Time to raise the bar
September 19, 2011
Steve Thompson keeps England driving forward against Georgia © Getty Images
Well, so much for a quiet week away from it all. Our trip to Queenstown did not exactly go to plan with the fuss about our night out hogging most of the headlines.
Personally, I think it was a massive overreaction. We've been training hard for months and were allowed to go out for a few beers after a really hard game against Argentina. But before you know it, we're in the papers and that is so disappointing. There was the tragedy with the miners in Wales but in many cases the England rugby team going out for a few beers is the top story.
Things like that only make you stronger and bring the squad closer together. It's not like we weren't supposed to be out because that day had been set aside for some R & R. We have trained incredibly hard over the last few months and don't feel guilty about going out and getting away from the pressure of the tournament because you need to escape that intensity once in a while.
It soured what was a great week in what is an amazing place. The training facilities were great and all the time we were surrounded by these spectacular mountains. We had a fantastic view from our hotel and from my window all I could see was the lake and the mountains in front of me - I loved it so much I slept with the curtains open so I could wake up to that view every day!
It may well be the adrenalin capital of New Zealand but I didn't go too crazy in terms of activities. But that's not say I didn't have a taste of the excitement on offer. A few of us had this fantastic helicopter ride on the way to an appearance at a local school that took us into the mountains but that was just the start of a great afternoon. We landed in the school field to be greeted by the lads performing the haka before putting their first XV through their paces in a training session.
It is great to be able to do things like that in the community and give something back as we were made to feel so welcome during out stay. The kids appeared to really enjoy it and so did we. With the World Cup action happening in the big towns, I think they loved the chance to feel part of the buzz.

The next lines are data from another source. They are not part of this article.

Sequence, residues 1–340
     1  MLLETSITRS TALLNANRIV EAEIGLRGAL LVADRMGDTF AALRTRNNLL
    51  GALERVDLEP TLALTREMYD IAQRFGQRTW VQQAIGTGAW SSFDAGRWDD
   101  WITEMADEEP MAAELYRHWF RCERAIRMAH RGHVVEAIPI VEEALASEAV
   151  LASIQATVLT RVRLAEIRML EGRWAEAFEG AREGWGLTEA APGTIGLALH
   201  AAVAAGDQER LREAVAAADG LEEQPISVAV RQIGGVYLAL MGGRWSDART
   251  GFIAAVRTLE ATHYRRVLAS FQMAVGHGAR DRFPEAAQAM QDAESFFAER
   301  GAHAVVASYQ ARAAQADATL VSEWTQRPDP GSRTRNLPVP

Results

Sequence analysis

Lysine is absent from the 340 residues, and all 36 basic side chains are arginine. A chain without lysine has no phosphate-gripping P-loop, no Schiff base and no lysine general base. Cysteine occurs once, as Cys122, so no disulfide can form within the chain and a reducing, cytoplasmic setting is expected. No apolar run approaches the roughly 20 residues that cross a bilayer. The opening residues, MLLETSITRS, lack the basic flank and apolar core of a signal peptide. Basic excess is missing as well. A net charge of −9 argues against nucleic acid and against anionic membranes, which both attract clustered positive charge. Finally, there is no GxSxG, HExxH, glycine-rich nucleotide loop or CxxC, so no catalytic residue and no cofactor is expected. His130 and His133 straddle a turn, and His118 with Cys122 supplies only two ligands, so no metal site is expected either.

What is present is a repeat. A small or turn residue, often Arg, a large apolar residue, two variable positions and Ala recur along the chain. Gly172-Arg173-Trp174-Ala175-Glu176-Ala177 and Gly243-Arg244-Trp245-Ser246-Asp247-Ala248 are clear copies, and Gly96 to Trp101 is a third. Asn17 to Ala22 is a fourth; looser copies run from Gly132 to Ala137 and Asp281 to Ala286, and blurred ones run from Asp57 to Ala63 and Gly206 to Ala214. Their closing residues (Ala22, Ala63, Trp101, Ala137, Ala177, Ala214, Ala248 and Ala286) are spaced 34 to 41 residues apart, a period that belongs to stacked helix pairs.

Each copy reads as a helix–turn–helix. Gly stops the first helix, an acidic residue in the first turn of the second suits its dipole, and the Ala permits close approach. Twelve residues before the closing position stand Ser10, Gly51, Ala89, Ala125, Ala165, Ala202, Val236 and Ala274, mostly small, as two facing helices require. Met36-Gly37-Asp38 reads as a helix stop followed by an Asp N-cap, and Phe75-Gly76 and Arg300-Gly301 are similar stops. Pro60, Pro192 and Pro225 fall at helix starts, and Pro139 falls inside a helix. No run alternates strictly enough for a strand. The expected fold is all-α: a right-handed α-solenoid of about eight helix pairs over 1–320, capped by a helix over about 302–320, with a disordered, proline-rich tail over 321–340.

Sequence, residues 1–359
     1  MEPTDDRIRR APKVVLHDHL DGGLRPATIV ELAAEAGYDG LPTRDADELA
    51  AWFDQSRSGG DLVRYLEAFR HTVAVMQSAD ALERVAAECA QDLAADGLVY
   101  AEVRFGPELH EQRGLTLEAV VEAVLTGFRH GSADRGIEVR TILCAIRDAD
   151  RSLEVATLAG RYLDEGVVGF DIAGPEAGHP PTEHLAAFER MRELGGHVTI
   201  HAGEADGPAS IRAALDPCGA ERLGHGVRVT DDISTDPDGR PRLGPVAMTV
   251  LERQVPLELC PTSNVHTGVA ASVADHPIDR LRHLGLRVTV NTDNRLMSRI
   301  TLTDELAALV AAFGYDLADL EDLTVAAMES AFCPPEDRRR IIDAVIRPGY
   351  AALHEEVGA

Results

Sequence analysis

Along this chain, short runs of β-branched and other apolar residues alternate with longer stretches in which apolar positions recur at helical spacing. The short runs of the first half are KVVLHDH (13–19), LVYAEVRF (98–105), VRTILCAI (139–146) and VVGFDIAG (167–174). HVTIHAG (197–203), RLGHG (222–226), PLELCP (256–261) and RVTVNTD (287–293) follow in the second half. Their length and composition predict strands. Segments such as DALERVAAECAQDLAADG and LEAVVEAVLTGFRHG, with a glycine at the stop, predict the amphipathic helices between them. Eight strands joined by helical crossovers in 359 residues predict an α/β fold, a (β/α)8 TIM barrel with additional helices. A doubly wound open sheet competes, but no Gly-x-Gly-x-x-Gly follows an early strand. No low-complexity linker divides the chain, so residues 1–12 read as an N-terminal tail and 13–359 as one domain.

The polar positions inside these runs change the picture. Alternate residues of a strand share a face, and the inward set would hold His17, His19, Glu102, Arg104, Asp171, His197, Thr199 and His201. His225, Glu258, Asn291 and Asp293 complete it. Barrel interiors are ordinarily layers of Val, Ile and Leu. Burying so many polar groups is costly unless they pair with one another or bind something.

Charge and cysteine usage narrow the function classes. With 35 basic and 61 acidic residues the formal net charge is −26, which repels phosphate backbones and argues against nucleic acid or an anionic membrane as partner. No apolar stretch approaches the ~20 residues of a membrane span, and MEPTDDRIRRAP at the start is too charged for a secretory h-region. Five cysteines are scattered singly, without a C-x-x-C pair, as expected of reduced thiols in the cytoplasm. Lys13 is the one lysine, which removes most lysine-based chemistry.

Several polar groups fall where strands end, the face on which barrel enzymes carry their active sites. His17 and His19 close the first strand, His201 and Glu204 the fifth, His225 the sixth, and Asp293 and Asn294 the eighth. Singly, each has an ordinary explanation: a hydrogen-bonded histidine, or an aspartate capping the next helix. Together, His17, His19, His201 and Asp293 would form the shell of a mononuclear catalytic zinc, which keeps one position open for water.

Queenstown is also a perfect place to get a bit of time to yourself. I went out walking quite a bit to take advantage of some of those views and to get myself sorted. My performance against the Pumas was still bothering me and I needed to figure out how to put that right when given another chance - which came a bit sooner than expected against Georgia.
When I'm on the bench I tend to play the game in my head and I will always try and read what we are going to do at scrums and lineouts. You have to keep you mind on the game because you just don't know when you might have to join the action. Your preparation will always be useful but because games can change so quickly you have to be aware of what is happening all the time. Not watching the game is not an option but that's not a problem for me - I like to get into it and am always thinking about what I might have to do should I go on. When you take that kind of approach it makes it a lot easier to join a game that is in full flow.
We always knew the Georgians would be physical and they certainly fronted up. We scored six tries and our scrum and lineout looked strong but our discipline let us down too many times. The breakdown and the offside line were concerns but it is something we can put right quickly and rest assured we will. We have already analysed the game and are confident of improvement against Romania next weekend.
Every game just appears to be a scrap at the moment and quite clearly there things to work on, but I don't think we would have argued had we been offered 40-odd points and a bonus point before the game. It's frustrating when what we do on the training field does not always transfer to the pitch but that reaction is good because it means we can and will do better next time.
You learn to expect the criticism because that seems to be the way we do things in England, no matter the sport. It is either euphoria or they get on your back but we try not to worry about that and just focus on getting better. We know better than anyone that we need to improve.
We all watched Ireland's victory over Australia and it was a great performance. We are full of respect for Ireland and they certainly delivered when it mattered. When a northern hemisphere side takes a southern hemisphere scalp it will always lift this World Cup to a whole new level - it is up to us to do likewise.
© ESPN Sports Media Ltd.
Steve Thompson will be writing direct from the England camp for ESPNscrum each week during the 2011 Rugby World Cup
The Scotland coach enters his first Six Nations with at least one familiar face to look to for inspiration - Ireland's Joe Schmidt. He chats to Tom Hamilton
Italy coach Jacques Brunel spoke to ESPN ahead of his final season as Italy coach and tells of his desire to experiment and evolve
"There's no bull with me, I just tell it straight." Tom Hamilton talks to Warren Gatland in an exclusive interview
With the retirement of Adam Jones, Welsh rugby says goodbye to a great player and one of its biggest personalities too, writes Tom Hamilton